WHAT: Maitreya Loving Kindness Tour, a free public exhibition of ancient relics of the historical Buddha Shakyamuni and many other Buddhist masters. The opening ceremony will be led by Hun Lye.
WHEN: Friday, Oct. 31, 6-8 p.m., Saturday, Nov. 1, 10 a.m.-7 p.m., Sunday, Nov. 2, 10 a.m.-5 p.m.
WHERE: The Venue, 21 N. Market St., Asheville
WHY: Most of the relics in this collection resemble pearl-like crystals called “ringsel” in Tibetan or “sarira” in Sanskrit. They’re believed by Buddhists to embody the master’s spiritual qualities of compassion and wisdom and to have been deliberately produced by the master at his death to be recovered in his ashes. The tour includes relics donated by several worldwide institutions, as well as eight relics of the historical Buddha offered by the Dalai Lama. Xpress discussed the tour with publicity manager Michael Fouts:
Xpress: What will happen during the Children’s Blessing?
Michael Fouts: The relics of the Buddha will be placed inside of a small handheld stupa (Sanskrit for a mound-like or hemispheric structure for containing Buddhist relics). This stupa will then be placed gently against the crown of each child’s head while a prayer will be said for the child and for all people in the world to be released from all suffering and for them to find true happiness.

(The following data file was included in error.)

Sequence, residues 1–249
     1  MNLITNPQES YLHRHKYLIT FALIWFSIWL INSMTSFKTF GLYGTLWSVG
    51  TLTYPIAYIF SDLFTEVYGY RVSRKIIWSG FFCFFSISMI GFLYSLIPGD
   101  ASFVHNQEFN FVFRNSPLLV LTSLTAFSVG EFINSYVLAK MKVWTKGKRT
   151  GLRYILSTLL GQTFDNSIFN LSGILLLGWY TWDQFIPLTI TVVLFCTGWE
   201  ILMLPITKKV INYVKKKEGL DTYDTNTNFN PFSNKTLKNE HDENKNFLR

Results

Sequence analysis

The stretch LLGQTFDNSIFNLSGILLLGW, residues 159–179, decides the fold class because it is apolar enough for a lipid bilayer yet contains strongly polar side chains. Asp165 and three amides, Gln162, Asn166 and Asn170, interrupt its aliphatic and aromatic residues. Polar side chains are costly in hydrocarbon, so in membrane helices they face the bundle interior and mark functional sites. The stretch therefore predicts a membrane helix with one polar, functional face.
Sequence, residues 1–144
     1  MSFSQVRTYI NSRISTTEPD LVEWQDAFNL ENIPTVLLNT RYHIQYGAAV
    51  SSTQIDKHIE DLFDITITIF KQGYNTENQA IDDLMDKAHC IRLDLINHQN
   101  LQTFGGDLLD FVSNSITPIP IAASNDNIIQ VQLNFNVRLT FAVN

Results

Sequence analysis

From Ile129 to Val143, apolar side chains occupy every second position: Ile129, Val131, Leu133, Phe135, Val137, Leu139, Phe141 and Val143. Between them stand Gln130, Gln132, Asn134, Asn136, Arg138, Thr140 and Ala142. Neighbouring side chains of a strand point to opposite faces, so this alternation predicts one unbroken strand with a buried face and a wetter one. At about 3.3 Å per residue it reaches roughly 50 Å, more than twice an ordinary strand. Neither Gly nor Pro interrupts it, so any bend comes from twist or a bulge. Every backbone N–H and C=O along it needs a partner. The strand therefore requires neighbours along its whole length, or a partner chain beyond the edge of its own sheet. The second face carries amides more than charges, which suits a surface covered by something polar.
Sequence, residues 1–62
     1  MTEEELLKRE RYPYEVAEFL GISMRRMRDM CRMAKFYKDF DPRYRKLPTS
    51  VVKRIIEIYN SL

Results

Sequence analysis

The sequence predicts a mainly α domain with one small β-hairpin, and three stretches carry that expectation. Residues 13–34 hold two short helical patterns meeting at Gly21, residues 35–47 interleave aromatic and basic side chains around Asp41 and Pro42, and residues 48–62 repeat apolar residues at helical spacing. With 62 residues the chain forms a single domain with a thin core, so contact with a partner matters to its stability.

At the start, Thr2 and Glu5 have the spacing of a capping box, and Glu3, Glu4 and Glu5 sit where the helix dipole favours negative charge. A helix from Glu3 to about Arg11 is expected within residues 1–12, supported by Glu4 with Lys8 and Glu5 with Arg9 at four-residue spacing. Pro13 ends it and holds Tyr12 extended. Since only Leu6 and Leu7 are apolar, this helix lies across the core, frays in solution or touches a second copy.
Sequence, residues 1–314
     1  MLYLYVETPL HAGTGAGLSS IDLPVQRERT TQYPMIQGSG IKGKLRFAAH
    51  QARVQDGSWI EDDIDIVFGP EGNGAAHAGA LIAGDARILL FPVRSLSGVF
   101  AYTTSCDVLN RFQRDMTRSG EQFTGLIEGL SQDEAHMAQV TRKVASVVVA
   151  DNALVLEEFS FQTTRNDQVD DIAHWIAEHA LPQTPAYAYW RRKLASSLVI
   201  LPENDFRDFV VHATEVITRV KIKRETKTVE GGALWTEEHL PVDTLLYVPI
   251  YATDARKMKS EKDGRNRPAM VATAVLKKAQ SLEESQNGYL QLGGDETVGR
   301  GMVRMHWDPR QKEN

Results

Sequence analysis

When was this type of tour — where relics are dispatched from monastic seclusion — first introduced? Is there a particular reason why this type of tour is important at this particular time in world history?
This tour is the first known type for relics of the Buddha, and it was first conceived by our spiritual director Lama Zopa Rinpoche in 2000. Lama Zopa collected the relics over a period of many years. [He] realized that most relics are enshrined in a stupa in Eastern Asia and, as such, Westerners do not often get the chance to see any, let alone see [all] 3,000. Lama Zopa along with his Holiness the Dalai Lama decided to have the relics tour around the world giving everyone a chance to see and experience their blessings.
It is now more important than ever that these relics are touring, as we are in such uncertain times and the Buddha Relic exhibition gives people refuge from the storm, so to say, where they can connect with real peace and love.